public institution is learning to act more like the public it
serves.
The anytime, anywhere access also has the secondary
beneft of saving trips to the library itself — an issue that
has recently taken on added signifcance. Still, at frst blush,
Web 2.0 seems like uncharted territory to public offcials
and policy-makers. There is a tendency in some jurisdictions
to stay on the sidelines until the benefts of social media are
proven somewhere else. It is important to remember that
public agencies are not starting from scratch in this foray
into Web 2.0: The policy framework, support and political will
that grew out of the original e-government movement provide
a solid foundation on which to stand in experimenting with
— and, ultimately, implementing — Web 2.0 features that
encourage greater public engagement and deliver against
public expectations in an increasingly social, mobile and
hyper-localized world.
9 www. centerdi gi tal gov. com |
iii. GoinG GReen and GoinG hoMe
The portal and online service delivery saves trips for the
public and employees alike. When large volumes of routine
transactions move from conventional front-counter delivery
to the network, it takes people and cars off the road and
contributes to jurisdictions’ ability to meet their climate
protection goals.
In a recent straw poll of state CIOs and their associates, 60
percent said the sustainability movement may fnally provide
telework with the traction it has needed.
18
The rationale is that
any shift in power usage by sending public employees home is
more than offset by the fuel savings and other environmental
benefts realized by taking cars off the road.
The Commonwealth of Virginia has taken a disciplined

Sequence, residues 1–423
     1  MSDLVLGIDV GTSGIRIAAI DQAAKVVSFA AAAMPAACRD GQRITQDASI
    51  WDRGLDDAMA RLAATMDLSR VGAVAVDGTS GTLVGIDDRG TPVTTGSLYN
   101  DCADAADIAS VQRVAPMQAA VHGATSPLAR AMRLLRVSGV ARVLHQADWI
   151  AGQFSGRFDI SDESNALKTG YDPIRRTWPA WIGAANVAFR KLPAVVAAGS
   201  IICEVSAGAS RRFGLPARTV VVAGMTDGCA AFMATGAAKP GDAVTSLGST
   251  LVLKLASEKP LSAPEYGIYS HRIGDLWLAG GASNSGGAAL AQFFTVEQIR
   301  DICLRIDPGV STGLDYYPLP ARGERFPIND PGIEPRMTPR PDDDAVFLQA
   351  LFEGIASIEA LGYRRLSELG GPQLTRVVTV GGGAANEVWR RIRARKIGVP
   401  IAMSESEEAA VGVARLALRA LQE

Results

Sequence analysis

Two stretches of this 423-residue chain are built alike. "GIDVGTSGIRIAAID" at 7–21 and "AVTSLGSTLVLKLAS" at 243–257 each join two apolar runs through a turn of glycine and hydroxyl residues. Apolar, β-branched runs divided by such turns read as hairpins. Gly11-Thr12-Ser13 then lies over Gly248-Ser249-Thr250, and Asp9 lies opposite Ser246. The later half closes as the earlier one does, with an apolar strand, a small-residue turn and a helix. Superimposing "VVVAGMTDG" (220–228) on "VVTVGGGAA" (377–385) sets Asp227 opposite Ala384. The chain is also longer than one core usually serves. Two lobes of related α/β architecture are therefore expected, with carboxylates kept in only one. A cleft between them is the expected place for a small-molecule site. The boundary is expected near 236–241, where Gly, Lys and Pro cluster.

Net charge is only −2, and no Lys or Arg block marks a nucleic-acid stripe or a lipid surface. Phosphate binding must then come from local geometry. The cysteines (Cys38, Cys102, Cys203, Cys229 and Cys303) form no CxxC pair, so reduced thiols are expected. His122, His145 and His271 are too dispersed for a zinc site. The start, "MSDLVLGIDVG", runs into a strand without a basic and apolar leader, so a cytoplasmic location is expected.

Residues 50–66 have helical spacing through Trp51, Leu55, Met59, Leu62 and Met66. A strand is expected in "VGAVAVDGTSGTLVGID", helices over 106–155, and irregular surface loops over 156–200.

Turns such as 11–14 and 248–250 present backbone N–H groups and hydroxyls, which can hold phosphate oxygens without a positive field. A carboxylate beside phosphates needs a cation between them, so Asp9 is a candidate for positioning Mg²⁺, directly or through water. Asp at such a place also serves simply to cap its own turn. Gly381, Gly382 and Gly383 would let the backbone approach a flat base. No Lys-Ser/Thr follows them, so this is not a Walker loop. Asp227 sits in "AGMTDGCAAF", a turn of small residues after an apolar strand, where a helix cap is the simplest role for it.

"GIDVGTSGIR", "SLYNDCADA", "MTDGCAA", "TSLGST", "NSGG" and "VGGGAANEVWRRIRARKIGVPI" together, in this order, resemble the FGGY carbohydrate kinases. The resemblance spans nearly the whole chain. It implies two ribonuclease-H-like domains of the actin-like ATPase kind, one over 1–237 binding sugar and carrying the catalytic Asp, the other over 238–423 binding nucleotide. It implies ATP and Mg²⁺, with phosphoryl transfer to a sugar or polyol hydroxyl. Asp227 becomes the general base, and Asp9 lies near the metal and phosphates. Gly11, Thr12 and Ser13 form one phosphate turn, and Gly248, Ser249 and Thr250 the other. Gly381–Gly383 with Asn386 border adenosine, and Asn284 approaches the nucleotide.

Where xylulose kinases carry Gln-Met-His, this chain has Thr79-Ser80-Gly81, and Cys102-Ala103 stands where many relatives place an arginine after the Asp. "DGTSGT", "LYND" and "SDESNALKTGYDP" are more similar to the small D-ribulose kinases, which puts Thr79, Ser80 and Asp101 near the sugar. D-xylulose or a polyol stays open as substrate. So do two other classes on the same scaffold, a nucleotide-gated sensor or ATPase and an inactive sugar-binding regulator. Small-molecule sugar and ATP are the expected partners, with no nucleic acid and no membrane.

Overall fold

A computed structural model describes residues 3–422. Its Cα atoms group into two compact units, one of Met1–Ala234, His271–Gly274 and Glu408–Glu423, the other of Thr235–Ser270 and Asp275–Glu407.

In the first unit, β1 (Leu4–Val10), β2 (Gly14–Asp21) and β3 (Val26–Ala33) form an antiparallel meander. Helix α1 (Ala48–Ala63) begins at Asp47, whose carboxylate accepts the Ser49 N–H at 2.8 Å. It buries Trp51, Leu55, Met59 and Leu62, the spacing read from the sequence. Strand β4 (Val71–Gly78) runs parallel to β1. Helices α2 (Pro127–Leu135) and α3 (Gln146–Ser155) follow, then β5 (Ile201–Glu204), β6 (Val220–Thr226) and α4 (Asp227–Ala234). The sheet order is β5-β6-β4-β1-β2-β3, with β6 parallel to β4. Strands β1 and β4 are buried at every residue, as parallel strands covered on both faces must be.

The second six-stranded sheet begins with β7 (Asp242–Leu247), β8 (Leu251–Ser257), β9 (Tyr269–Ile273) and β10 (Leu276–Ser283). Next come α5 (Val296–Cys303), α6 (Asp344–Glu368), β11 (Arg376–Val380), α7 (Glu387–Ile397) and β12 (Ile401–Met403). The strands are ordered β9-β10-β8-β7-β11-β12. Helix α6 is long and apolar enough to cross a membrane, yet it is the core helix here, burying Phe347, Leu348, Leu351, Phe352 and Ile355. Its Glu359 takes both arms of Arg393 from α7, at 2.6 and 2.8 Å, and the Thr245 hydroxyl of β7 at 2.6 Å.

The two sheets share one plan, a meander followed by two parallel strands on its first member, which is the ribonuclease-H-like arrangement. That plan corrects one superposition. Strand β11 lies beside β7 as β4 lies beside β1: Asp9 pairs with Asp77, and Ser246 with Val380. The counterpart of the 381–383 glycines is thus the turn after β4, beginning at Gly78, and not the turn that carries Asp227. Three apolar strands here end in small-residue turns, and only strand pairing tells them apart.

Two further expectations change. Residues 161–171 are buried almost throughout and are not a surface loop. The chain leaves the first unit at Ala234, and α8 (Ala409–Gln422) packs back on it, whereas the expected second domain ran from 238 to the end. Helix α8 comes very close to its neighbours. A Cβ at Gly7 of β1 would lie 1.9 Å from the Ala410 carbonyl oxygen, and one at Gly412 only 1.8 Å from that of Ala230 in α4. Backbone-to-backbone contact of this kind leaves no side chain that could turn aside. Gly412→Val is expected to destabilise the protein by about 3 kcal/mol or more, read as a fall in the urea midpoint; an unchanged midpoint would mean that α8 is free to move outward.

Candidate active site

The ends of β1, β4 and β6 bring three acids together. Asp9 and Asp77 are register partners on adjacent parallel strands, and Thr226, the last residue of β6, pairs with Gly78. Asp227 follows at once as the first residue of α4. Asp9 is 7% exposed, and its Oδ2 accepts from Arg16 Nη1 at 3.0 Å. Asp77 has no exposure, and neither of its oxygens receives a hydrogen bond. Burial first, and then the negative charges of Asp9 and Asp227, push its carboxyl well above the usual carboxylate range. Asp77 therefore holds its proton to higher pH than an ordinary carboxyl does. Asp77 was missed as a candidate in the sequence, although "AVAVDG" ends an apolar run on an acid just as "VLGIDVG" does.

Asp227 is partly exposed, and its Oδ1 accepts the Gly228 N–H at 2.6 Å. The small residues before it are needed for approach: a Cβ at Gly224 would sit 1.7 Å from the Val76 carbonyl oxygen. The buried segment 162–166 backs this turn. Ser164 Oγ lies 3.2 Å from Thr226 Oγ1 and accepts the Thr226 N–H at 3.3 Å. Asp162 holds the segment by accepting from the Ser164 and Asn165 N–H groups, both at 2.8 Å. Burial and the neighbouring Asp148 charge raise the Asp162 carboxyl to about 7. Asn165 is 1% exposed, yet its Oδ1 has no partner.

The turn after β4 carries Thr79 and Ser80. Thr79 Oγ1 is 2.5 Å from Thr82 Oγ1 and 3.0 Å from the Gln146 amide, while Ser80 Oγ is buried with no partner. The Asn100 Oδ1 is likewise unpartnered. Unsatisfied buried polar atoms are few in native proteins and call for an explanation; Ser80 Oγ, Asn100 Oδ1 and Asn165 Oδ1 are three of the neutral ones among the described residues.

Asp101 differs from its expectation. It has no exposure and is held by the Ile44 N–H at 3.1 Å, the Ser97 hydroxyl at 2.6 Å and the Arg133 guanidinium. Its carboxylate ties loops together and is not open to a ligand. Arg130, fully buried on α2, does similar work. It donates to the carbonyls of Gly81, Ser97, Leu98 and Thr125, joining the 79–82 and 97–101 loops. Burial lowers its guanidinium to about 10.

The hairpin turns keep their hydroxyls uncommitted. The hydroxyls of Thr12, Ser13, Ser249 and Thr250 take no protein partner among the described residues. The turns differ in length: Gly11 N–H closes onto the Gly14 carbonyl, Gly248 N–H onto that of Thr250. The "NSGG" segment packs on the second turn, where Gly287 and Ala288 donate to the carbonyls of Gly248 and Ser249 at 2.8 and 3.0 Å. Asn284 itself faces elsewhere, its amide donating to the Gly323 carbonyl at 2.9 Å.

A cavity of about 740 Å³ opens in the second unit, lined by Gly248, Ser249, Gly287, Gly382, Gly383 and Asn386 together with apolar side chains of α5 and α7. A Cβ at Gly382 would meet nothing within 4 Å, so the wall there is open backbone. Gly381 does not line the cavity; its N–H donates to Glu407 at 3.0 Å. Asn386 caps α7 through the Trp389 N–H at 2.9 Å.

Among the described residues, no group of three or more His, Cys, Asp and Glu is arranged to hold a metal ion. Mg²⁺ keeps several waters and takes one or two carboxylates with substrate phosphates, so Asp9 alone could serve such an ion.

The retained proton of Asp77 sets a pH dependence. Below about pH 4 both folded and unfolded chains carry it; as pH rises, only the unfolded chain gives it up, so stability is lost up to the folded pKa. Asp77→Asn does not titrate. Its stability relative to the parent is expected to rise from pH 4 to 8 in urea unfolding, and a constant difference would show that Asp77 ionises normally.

approach to telework. The state’s scheme is anchored by
legislative direction to meet telework goals by certain dates.
The governor has responded with a structure for ensuring
productivity and energy savings as public employees
integrate telework into their work lives. The executive branch
offsets only a modest list of telework essentials in terms of
equipment, connectivity and supplies. The upfront restraint
is a deliberate effort to ensure that going green saves green,
rather than adding a new layer of cost to state operations.
19
But how do you send public employees home without a
degradation of the availability of public services? The long
list of online self-service transactions in Figure 1 points to
at least part of the answer. The good news is that the high
implementation rates for most of the services suggest that
they are ready to contribute to sustainability efforts. The bad
news is that the tougher, more complex transactions are not
available in all states, limiting the opportunity for quick and
sustainable wins. The word quick deserves qualifcation.
More properly, the ready availability of online self-service
is more accurately described as payment of a dividend for
decisions and investments made years ago.
Such a green dividend from e-government is seen clearly
in Utah where Gov. Jon Huntsman Jr. implemented a four-
day work week for state employees in August 2008. The move
promised to save trips, but the Utah plan called for closing
governments each Friday. Closed buildings can go dark and
cold, netting energy and cost savings from reduced heating,
air conditioning and lighting use.
But still, what about service delivery during a four-day
government work week? The governor was satisfed that
the state portal, Utah.gov, and its suite of more than 600
online transactions, were suffciently broad and deep that
the public would be able to conduct business with its
government even when the buildings were dark and the
employees were at home.
20
With the green-inspired move, e-government has now
proven its operational value in ways analogous to what the
automated teller machine (ATM) did to banking hours 25
years ago or what online banking did for self-service banking
in the last decade. But Utah’s move was more than that.
The governor was clear on this point — the state could
not and would not have introduced a four-day work week
with all of its sustainability-related benefts without a mature
e-government platform to keep services available. The single
act in Utah is more than symbolic. It is the validation of a
long-held view that e-government could be — and is —
transformational.
Sustainability by saving trips at
both ends of the transaction
With the green-inspired move, e-government
has now proven its operational value in ways
analogous to what the automated teller machine
(ATM) did to banking hours 25 years ago or what
online banking did for self-service banking in the
last decade.